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The 155 Greatest Horror Movies of All Time

From lesser-known George A. Romero and Clive Barker gems to William Castle cheapies to an unclassifiable Polish shocker.

The 150 Greatest Horror Movies of All Time

The Greatest Horror Movies of All Time

150. “The Night House” (David Bruckner, 2020)

THE NIGHT HOUSE, 2020. © Searchlight Pictures / Courtesy Everett Collection

“The Night House”

©Searchlight Pictures/Courtesy Everett Collection

David Bruckner’s tense and atmospheric Sundance Film Festival premiere taunts the ever game and intensely focused actress Rebecca Hall with a haunted house that’s both literal (an eerie feat of set design) and of the mind. Her character, Beth, is a grieving widow tormented not only by the loss of her husband (Evan Jonigkeit), an architect with a bounty of secrets of his own, but also by a particular episode from her past. When Beth starts seeing (hallucinating? conjuring?) phantom women coming in and out of her house (and all of whom look just about an inch from being Beth’s complete doppelganger) in agony, the ground beneath her starts to shift and Beth uncovers what could possibly be her husband’s secret life. The sound design and slight but nifty visual effects in this film stir up a chilling vibe punctured by genuine jump scares that feel earned. —RL

149. “Martin” (George A. Romero, 1978)

MARTIN, John Amplas, 1977

“Martin”

Courtesy Everett Collection

George Romero will always be synonymous with zombies, but his take on vampires deserves to be regarded as a horror classic in its own right. The story of a man who believes that he is a vampire is a slow-burning subversion of the standard Dracula story, but once it gets going, it really gets going. While the main character is not actually a vampire, the idea of a real man drinking blood is both horrifying and an interesting commentary about society’s relationship with fictional horror characters. Romero himself called “Martin” his favorite film that he made, and praise does not get much higher than that. —CZ

148. “Spider Baby” (Jack Hill, 1967)

SPIDER BABY, Sid Haig, Beverly Washburn, 1964

“Spider Baby”

Courtesy Everett Collection

Evil, twisted children will never not be scary, but Jack Hill’s cult classic takes the creepy horror trope to another level. The pitch-black comedy tells the story of a family with “Merrye Syndrome,” a fictional condition that essentially causes children to devolve into animals as they hit puberty. Horror comedy can be a difficult needle to thread, but “Spider Baby: or, the Maddest Story Ever Told” manages to be genuinely funny, truly scary, and 100 percent fucked up. If you haven’t seen it yet, rectify that immediately. —CZ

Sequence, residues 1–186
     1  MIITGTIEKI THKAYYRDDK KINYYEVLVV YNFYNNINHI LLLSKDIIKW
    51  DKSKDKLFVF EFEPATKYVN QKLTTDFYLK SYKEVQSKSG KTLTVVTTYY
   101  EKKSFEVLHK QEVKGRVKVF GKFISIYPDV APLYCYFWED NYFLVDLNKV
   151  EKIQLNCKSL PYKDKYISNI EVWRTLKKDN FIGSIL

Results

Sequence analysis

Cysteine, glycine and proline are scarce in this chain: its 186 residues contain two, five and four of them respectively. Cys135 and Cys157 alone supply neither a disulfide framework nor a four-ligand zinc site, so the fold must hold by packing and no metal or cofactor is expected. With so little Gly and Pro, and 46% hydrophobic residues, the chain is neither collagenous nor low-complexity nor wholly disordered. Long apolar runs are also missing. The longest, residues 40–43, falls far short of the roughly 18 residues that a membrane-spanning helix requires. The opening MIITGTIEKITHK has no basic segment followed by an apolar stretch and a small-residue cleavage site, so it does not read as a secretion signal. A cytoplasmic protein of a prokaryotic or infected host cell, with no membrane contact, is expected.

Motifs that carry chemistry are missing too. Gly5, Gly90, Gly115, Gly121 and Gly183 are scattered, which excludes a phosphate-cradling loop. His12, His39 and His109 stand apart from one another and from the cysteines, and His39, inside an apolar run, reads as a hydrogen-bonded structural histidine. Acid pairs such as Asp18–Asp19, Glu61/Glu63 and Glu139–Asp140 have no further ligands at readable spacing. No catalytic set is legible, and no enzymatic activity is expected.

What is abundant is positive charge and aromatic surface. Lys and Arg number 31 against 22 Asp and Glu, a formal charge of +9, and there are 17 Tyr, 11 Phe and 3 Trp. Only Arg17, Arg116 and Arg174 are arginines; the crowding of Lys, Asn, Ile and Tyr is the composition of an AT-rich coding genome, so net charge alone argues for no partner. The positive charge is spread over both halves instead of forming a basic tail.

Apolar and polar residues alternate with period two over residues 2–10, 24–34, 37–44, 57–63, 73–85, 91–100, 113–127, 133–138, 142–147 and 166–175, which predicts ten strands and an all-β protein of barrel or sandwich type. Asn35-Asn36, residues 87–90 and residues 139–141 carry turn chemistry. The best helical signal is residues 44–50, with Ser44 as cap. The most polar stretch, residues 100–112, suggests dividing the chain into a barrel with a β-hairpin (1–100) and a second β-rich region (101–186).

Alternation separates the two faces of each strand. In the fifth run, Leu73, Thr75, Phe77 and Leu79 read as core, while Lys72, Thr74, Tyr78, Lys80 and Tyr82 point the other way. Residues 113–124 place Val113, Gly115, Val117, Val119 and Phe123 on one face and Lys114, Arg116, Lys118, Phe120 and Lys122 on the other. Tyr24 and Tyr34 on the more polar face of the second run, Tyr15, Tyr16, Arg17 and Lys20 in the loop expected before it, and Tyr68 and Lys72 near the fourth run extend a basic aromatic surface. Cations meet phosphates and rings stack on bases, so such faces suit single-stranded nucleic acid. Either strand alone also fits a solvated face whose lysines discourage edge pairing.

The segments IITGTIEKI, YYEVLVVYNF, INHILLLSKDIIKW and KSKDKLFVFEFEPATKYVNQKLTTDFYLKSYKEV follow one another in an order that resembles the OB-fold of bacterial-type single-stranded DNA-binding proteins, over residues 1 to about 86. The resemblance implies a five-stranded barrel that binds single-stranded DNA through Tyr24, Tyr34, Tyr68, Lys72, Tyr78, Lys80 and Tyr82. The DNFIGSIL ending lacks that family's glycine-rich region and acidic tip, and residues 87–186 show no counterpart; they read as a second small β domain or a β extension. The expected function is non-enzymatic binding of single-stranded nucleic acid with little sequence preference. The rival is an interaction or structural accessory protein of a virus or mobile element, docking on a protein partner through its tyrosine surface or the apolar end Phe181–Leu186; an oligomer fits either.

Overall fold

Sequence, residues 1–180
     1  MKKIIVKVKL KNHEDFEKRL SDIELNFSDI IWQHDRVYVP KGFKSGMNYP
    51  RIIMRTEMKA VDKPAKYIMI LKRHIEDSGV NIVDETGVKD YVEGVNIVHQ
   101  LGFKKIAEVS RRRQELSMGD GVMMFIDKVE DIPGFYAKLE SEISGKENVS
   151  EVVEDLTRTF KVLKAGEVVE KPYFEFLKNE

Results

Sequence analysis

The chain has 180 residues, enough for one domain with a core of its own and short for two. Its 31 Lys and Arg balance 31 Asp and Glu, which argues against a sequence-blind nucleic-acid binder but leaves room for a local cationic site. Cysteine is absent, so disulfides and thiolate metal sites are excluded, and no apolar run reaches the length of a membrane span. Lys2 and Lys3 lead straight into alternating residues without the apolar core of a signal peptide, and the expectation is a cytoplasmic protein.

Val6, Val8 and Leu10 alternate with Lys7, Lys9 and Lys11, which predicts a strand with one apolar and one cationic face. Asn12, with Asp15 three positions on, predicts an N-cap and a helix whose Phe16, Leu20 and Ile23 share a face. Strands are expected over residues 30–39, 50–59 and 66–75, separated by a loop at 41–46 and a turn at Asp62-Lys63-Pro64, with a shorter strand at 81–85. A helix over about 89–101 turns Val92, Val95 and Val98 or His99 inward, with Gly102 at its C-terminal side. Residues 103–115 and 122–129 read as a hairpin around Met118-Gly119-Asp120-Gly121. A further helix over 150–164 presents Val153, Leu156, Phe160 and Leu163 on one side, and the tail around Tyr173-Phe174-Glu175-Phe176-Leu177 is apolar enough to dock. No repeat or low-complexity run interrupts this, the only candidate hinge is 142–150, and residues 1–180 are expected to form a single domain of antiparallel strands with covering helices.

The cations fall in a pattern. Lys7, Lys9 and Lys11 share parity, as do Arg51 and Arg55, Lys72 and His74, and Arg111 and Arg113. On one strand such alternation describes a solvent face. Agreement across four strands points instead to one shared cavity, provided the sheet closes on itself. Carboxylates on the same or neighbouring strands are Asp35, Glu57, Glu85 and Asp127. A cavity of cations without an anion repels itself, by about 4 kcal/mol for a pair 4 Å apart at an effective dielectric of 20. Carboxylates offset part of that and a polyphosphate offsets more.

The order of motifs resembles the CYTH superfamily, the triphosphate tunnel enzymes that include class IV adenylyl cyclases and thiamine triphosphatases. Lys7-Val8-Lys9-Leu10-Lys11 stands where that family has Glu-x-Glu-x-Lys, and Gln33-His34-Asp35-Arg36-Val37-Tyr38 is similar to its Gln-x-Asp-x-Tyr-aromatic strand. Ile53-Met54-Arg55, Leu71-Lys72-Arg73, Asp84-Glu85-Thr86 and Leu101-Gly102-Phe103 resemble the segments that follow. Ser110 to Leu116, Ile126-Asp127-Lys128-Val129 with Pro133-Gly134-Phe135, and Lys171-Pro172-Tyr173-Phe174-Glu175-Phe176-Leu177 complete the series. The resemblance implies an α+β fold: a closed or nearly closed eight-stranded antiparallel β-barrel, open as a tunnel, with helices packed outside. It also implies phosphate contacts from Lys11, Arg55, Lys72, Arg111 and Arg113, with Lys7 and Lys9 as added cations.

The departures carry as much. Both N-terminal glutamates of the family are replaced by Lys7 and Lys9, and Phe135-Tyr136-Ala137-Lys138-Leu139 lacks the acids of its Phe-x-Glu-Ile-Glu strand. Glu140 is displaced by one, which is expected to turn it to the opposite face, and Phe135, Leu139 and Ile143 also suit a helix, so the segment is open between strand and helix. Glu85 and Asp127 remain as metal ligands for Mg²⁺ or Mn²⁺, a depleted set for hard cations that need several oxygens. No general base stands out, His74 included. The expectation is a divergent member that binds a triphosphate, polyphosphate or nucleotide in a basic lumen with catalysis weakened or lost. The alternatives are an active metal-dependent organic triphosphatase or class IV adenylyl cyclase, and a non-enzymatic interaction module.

147. “Old” (M. Night Shyamalan, 2021)

OLD, from left: Aaron Pierre, Vicky Krieps, Gael Garcia Bernal, Abbey Lee, 2021. ph: Phobymo / © Universal Pictures / Courtesy Everett Collection

“Old”

©Universal/Courtesy Everett Collection

“Old” is the perfect example of a contemporary M. Night Shyamalan movie, brilliant and frustrating in equal measures. The film’s hook — a family is trapped on a beach that dramatically speeds up the aging process — is one of the best horror premises in recent memory. Even if Shyamalan’s film does not always live up to its promising setup, it still manages to convey some interesting ideas about humanity’s relationships with aging and time. If nothing else, it proved that the horror director still has plenty of cinematic thrills left in his tank. Perhaps even more impressive is the fact that it was a bona fide pandemic blockbuster, grossing over $90 million on a $18 million budget in 2021. —CZ

146. “Men” (Alex Garland, 2022)

Rory Kinnear, Jessie Buckley in "Men"

“Men”

Everett Collection

A horror movie called “Men” portends a thorny look at the power of gender, wrapping toxic masculinity, the vulnerabilities of womanhood, and genre terror into one perverse package. Writer-director Alex Garland (“Ex Machina”) largely hits that mark with the textually rich, visually lush story of Harper (Jessie Buckley), a grieving widow who escapes to the English countryside only to be confronted by a strange group of male townspeople (doubling Rory Kinnears). What “Men” lacks in clarity — the 2022 flick is nothing if not open to interpretation — it makes up for with fearless commitment to Garland’s trippy vision. Buckley and Kinnear deliver top performances in both actors’ impressive filmographies, with a similarly jaw-dropping showing for Paapa Essiedu as Harper’s late husband James. “Men” is flourished with a grotesque final scene seemingly as challenging for the actors as it was for the SFX team. —AF

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